From The Australian, on July 31st:
Hunted in reality, jihadists are turning to artificial online worlds such as Second Life to train and recruit members, writes Natalie O'Brien
THE bomb hit the ABC's headquarters, destroying everything except one digital transmission tower. The force of the blast left Aunty's site a cratered mess. Just weeks before, a group of terrorists flew a helicopter into the Nissan building, creating an inferno that left two dead. Then a group of armed militants forced their way into an American Apparel clothing store and shot several customers before planting a bomb outside a Reebok store.
This terror campaign, which has been waged during the past six months, has left a trail of dead and injured, and caused hundreds of thousands of dollars' damage. The terrorists belong to a militant group bent on overthrowing the government. But they will never be arrested or charged for their crimes because they have committed them away from the reach of the world's law enforcement agencies, in the virtual world known as Second Life.
(Nice one, guys, making your poor newspaper readers plough through three paragraphs — nearly 150 words — before admitting that you're describing events in an imaginary world.)
Meanwhile, back in March, I wrote:
Some time in the next year or so, I expect to wake up one morning and see a newspaper headline in my RSS reader: "TERRORIST TRAINING CELL RAIDED IN SECOND LIFE".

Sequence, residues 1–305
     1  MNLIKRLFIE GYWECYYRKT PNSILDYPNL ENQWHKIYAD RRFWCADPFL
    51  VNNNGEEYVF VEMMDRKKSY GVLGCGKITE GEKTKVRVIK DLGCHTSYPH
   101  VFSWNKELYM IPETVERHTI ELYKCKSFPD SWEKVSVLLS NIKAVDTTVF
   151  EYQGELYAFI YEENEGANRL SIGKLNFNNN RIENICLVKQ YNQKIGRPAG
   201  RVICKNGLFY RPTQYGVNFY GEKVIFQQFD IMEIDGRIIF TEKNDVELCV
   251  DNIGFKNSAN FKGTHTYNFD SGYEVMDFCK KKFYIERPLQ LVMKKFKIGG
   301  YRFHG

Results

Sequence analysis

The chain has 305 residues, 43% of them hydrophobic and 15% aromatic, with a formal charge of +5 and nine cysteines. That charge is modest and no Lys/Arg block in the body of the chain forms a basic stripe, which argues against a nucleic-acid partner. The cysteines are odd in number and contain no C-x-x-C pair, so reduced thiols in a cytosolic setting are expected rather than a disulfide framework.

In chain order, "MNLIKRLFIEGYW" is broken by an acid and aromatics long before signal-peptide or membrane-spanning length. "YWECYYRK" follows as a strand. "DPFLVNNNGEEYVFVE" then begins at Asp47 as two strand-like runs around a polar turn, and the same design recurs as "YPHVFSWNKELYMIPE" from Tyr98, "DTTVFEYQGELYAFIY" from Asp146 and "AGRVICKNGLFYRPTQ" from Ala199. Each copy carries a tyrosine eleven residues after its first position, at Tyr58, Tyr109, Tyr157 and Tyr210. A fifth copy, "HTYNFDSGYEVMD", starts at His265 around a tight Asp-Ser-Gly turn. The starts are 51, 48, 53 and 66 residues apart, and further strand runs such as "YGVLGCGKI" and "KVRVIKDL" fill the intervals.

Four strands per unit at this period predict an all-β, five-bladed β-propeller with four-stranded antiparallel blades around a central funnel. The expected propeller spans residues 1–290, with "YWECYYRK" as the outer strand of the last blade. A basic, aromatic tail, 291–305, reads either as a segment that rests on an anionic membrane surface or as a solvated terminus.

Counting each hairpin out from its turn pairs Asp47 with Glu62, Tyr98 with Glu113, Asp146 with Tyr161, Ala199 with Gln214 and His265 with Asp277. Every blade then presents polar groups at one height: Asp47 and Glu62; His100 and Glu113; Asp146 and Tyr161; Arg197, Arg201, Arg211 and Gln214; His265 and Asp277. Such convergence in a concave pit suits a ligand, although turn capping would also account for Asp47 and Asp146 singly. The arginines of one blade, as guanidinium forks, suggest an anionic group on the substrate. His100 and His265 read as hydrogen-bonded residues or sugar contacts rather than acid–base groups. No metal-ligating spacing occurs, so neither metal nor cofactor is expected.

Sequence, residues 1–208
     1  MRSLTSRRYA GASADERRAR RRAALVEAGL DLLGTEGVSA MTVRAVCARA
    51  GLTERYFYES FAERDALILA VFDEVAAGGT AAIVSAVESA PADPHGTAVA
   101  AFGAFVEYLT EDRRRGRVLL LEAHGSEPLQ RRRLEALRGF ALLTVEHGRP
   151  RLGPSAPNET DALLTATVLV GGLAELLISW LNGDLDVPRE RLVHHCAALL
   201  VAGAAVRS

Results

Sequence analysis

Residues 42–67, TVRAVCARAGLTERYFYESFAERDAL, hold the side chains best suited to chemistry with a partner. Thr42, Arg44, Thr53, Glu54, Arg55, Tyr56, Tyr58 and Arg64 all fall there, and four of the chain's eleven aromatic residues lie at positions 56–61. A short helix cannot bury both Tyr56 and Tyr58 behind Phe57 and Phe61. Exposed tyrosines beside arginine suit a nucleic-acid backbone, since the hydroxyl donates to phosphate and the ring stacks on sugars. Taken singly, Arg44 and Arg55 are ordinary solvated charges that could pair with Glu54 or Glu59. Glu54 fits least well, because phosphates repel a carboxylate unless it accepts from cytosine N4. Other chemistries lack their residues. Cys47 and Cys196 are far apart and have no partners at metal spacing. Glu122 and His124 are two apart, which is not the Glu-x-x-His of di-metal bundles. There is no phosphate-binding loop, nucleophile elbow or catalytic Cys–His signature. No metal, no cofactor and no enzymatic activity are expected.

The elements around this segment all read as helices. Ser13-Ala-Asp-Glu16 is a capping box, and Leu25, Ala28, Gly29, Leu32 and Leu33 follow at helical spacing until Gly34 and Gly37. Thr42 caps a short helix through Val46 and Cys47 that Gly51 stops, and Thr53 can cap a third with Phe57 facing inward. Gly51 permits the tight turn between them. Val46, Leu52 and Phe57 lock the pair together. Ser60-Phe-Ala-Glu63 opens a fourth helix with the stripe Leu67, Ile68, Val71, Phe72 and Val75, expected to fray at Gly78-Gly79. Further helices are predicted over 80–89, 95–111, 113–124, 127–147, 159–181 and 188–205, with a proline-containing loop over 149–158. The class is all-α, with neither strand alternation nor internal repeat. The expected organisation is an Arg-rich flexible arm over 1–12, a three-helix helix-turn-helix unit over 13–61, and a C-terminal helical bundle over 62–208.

This doesn't mean that Osama bin Laden is a gamer, or indeed that there are any terrorists in SL. (Au contraire, real terrorists are more interested in blowing shit up than playing games.) Worst case: some whack jobs will figure out that SL — or it could be WoW or EO — is a cheap tool for multi-user chat that isn't currently being monitored by the feds. (Expect this window of opportunity to close about ten seconds after this article is published.) What such an article will really signify is that the mainstream press have finally discovered MMOs.
I called that one in print on March 27th, and you can find the whole article at Guildcafe.
It's a bit soon to call full house, and realistically speaking it's trivial, but I felt the need to share; there's nothing as heartening to a jobbing SF author as actually having one of their concrete predictions come true, on schedule (especially when you're engaged in the final death march to finish off a book).